#2. Getting Discovered. People do praise genius. Additionally however, in an artist’s life, those talents ought to extend to one’s ability to represent his or her own work. Despite our sincerest of wishes, art really cannot speak for itself – even if it’s some catchy lyric or a good short story. Art will not submit itself for consideration for an award. It will not pen a letter of agreement. Nor will it deposit your checks and balance your accounts for you. That would be cool though if you could kick your feet up and let your art manage you instead of the other way around. Pssshhh, yeah right! I blame the movies and magazines. The public loves a good rags-to-riches overnight success story where great art hits the earth like some brilliant accidental cosmic happening. No one, for instance, is interested in hearing that the book that Time Magazine hailed as “publishing phenomenon of the decade,” Chicken Soup for the Soul, was submitted to and rejected by a whopping 144 publishers before one small company gave any willingness to the authors. No matter what your genre, there is no getting around having to market and stand by your own work. As the saying goes, you can’t hire people to do your push-ups for you.

#3. Your Career in the Arts. This is a misnomer. People say ‘career’ like we’re doctors or accountants. But we don’t have time sheets, get benefits, receive semi-monthly checks and work our way up a ladder. I remember talking to one veteran designer in the theater field who told me she had just come back from work in Hong Kong. As a wide-eyed youth, I might’ve gone, “Wow, what an awesome life!” But as an adult, I understand that she didn’t travel abroad for the glamor. She did so to pursue employment, same as any migrant worker would. There just aren’t enough positions available at institutions to support the number of artists in the field. Consequently, artists are either multi-employed, having many on-call or part-time jobs, or they are self-employed, mini-CEOs having created their own small businesses. Let’s call this ‘career’ what it is – a life in the arts. A life that is unpredictable, adventurous, and each ingeniously and deliberately carved out by and for its protagonist.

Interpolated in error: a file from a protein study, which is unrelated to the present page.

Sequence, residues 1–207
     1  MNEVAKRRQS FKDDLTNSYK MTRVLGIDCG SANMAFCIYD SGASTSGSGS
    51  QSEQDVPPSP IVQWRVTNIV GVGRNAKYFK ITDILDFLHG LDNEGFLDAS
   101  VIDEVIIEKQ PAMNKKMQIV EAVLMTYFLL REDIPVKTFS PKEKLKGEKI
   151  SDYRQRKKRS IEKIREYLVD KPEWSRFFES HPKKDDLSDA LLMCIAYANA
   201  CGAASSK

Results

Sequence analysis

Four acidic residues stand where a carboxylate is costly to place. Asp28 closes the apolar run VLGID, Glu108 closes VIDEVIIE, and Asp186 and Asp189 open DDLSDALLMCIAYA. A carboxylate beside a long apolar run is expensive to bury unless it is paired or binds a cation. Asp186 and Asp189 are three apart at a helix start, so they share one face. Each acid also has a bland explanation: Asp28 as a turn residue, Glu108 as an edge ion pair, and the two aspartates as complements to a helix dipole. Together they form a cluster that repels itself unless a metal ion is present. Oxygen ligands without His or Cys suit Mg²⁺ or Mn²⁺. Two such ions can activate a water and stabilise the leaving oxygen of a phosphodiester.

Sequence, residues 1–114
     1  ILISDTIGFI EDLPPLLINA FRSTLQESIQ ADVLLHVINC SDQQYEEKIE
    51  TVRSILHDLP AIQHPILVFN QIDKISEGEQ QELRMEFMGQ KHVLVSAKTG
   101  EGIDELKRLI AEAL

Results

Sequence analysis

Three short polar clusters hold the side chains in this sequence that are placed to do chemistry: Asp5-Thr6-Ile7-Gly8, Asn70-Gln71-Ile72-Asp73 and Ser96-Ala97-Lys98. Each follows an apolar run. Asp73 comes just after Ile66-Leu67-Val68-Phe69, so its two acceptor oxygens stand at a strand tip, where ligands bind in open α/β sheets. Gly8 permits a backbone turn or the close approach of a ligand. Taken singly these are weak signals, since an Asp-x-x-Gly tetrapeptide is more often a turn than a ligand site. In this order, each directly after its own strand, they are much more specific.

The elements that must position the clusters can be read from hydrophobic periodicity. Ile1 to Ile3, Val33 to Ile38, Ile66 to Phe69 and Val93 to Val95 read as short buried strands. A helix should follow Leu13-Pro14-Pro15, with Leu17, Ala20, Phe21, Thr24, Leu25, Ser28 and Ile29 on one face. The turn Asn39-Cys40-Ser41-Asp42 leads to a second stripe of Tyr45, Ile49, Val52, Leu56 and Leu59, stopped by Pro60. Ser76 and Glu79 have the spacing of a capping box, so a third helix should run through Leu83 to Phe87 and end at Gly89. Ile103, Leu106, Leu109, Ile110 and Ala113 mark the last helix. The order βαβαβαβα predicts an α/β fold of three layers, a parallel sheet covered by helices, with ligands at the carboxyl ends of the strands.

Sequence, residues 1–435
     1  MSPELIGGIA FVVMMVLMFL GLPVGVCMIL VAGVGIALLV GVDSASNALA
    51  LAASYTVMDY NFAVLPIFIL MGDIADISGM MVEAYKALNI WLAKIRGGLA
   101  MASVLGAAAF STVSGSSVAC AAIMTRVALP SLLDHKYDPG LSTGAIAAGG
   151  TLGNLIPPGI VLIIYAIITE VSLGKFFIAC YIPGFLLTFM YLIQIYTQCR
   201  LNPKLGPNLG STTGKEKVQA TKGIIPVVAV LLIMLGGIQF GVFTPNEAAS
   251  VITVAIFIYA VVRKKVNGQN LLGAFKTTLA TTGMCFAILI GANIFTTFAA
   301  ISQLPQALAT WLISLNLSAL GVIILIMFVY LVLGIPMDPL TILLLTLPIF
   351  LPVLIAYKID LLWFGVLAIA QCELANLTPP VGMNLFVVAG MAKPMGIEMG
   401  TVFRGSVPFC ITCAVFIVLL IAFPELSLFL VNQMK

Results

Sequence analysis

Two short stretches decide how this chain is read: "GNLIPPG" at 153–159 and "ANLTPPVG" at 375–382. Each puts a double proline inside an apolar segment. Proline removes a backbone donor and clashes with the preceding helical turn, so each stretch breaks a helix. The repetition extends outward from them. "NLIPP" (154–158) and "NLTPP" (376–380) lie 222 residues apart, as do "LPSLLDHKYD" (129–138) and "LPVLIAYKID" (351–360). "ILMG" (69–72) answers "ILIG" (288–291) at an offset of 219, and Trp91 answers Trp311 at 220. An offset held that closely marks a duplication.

Let’s allow these lessons to sink in. They’ll become the basis for valuable habits of mind and manifest what I like to call ‘actionchoices’. It’s this way of thinking – these shared principles among the champions – that allow you to manage situations and to maximize on opportunities as they emerge. It’s about applying your guts and knack for innovation toward new solutions in the art of business and in the business of art. It’s about seeking to learn a new skill (e.g. writing a press release) and even better, seeking to learn to finesse that skill (e.g. writing one that actually gets picked up). This is it. This is the art of hustle.

My goal for ART OF HUSTLE, the training program, is to be different and better than traditional career lectures and tired teacher rhetoric, from the first word to the last. You’ll not find empty concepts in my classes or supposed short-cuts to success. This brand of skills-building is straight from the trenches. ART OF HUSTLE is about taking charge, dispelling the naysayers and equipping you with the appropriate tools to achieve your goals. In my ideal reality, the world abounds with eclecticism and diversity, and every person of every creative endeavor has the fair chance and the wherewithal to make their dreams each come true.

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One response to “Dropping Science on Art”

  1. […] visit your shop. They won’t come just because you’ve built it! (That’s point #2 on this post for independent artists.) You’re convinced the world is full of people who’d love your […]